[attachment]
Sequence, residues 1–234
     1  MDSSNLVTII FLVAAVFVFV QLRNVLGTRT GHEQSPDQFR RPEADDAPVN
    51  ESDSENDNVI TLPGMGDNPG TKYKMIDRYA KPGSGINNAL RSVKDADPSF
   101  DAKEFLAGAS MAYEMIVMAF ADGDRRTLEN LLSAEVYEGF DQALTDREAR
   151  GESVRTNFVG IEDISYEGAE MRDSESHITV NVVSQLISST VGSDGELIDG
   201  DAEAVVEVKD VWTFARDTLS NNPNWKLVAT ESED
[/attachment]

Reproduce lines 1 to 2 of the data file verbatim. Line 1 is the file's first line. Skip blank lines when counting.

Sequence, residues 1–234
     1  MDSSNLVTII FLVAAVFVFV QLRNVLGTRT GHEQSPDQFR RPEADDAPVN